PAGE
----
Come to Stromsburg, Nebraska, for the town’s annual Swedish Midsommar Festival. The town, located about two hours west of Omaha, was named the “Swede Capital of Nebraska” in 1966. The event, which takes place in June, includes food, Swedish dancers, live music, history programs, a kick ball tournament and more.
Nebraska has a lot of waterfalls, including Fort Falls located on the Fort Niobrara National Wildlife Refuge in Valentine, Nebraska; Smith Falls in Smith Falls State Park near Sparks, Nebraska; Snake River Falls located 20 miles south of Valentine, Nebraska; and Platte River State Park Falls.
The Spring Creek Prairie Audubon Center, 20 minutes southwest of Lincoln, focuses on conservation of the tallgrass prairie ecosystem and its birds. The center includes miles of walking trailers, nearly 650 acres of native tallgrass prairie, ponds, wetlands, wildflowers, grasses, wildlife and historic 19th century wagon ruts. More.
Check out the world’s largest ball of stamps at the Leon Myers Stamp Center in the Boys Town Visitors Center. The sphere is 32 inches in diameter, weighs 600 pounds and contains a reported 4,655,000 canceled stamps. It was stuck together by the Boys Town Stamp Collecting Club in 1953. More.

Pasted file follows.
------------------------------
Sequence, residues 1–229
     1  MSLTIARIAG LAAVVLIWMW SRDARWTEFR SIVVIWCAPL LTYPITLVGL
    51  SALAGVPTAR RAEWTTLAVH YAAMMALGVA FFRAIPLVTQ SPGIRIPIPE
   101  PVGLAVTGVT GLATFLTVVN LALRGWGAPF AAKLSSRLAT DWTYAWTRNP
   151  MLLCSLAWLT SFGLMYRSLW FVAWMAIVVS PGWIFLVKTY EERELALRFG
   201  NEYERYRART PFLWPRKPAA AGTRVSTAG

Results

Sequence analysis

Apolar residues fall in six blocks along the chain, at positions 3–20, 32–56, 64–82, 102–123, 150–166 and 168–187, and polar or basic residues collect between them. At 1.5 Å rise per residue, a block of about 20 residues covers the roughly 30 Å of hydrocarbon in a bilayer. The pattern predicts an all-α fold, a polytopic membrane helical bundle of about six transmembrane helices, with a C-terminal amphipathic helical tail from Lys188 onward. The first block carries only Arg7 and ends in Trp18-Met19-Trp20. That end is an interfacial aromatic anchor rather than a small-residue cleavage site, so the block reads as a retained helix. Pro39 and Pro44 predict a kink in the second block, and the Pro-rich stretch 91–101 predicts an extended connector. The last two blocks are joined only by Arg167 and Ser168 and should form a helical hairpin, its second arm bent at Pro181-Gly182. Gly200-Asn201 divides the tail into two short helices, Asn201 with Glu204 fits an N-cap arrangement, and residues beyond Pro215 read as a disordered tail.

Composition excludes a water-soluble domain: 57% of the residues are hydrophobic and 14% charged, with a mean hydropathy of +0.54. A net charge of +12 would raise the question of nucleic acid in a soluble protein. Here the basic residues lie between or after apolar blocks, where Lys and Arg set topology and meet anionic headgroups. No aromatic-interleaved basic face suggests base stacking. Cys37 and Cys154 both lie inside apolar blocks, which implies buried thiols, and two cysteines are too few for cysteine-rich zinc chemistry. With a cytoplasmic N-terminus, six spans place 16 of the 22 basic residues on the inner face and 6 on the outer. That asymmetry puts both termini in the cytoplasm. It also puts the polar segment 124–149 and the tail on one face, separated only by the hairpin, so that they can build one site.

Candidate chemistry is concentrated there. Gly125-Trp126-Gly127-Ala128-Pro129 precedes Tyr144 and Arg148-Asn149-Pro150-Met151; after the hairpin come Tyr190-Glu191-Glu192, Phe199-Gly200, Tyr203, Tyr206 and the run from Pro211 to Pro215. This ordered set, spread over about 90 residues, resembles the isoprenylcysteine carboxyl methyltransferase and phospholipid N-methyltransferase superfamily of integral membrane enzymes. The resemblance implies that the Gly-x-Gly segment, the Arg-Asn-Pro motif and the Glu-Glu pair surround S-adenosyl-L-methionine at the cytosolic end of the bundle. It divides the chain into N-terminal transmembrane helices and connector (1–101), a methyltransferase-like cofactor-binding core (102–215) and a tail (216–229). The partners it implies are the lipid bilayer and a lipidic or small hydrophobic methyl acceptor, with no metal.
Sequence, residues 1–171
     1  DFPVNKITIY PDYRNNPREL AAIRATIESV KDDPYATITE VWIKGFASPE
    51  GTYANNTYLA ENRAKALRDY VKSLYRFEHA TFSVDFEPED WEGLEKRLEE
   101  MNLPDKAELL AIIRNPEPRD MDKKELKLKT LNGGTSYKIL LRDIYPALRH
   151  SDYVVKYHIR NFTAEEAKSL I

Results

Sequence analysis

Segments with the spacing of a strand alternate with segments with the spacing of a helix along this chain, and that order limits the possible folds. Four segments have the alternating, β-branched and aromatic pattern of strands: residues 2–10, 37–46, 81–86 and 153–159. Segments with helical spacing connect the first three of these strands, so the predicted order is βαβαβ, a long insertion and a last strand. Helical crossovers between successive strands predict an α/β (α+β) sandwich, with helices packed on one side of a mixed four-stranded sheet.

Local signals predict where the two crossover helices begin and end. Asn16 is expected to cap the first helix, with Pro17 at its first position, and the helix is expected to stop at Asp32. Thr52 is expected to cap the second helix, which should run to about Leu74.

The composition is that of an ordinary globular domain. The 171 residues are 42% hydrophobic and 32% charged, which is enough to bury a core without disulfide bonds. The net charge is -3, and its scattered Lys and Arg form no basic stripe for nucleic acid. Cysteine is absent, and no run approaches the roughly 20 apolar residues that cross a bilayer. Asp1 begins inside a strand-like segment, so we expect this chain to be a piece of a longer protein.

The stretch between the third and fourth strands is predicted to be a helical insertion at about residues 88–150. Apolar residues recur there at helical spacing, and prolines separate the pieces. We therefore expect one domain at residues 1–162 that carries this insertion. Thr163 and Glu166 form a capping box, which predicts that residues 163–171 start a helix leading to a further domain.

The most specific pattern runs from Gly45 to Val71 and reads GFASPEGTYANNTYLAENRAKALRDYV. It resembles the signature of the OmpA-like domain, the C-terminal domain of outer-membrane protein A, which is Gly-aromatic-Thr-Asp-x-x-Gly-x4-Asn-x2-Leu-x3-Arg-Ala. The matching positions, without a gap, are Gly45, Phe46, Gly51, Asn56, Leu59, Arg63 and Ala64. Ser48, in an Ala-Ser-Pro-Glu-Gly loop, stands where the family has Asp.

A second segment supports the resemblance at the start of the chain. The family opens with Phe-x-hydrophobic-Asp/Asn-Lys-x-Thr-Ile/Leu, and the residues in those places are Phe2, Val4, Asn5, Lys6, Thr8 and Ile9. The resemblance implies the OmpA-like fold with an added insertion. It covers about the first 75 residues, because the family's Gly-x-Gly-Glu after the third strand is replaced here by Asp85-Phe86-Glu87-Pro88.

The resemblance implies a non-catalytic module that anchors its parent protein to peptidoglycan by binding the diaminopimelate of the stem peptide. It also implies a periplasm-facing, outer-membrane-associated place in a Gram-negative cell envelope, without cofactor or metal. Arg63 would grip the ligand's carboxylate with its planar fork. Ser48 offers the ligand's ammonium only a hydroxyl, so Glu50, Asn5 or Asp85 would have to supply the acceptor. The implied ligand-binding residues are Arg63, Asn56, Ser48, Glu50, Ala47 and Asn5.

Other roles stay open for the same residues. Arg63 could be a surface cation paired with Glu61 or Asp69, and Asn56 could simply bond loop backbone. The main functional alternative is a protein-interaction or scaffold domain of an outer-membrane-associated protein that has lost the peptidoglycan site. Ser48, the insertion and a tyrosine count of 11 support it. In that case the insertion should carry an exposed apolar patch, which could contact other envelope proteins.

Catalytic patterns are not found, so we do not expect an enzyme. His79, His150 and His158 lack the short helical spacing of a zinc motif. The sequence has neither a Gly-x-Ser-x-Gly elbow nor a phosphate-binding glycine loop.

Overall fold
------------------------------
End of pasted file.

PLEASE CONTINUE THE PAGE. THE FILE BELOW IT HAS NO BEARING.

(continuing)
The Crossroads of America Bigfoot Museum is open to both believers and skeptics in Hastings, Nebraska. The museum includes several artifacts, including three 2,000-year-old skulls, Bigfoot hand castings and a picture of Bigfoot “Patty” famously walking across Bluff Creek in 1967. The cost to visit the museum, 1205 E 42nd St., is $5. It’s open from 10 a.m. to 4:30 p.m. Tuesday through Saturday and 1 to 4:30 p.m. on Sundays. More.
Visit the National Museum of Roller Skating to learn about the history of the sport. Located at 4730 South Street in Lincoln, you’ll experience the evolution of roller skate wheels, view a selection of 19th century roller skate patents and watch highlights of roller skating competitions. There’s no fee to visit, and the museum is open Monday through Friday from 9 a.m. to 5 p.m. More.
Stop by Nuckolls County Museum, 612 E. 6th St. in Superior, Nebraska, to view more than 3,000 model planes, space craft and aircraft carriers. The planes are the collection of Marve E. Marquart. Admission is a freewill offering. Hours are Monday and Sunday from 1:30 p.m. to 4 p.m. More.
Visitors to the Ashfall Fossil Beds State Historical Park can get a firsthand look at extinct animals preserved exactly as they died from volcanic ash 12 million years ago. The park, at 6930 517th Ave. in Royal, Nebraska, also includes a visitor center with interpretive displays and a working fossil preparation laboratory. More.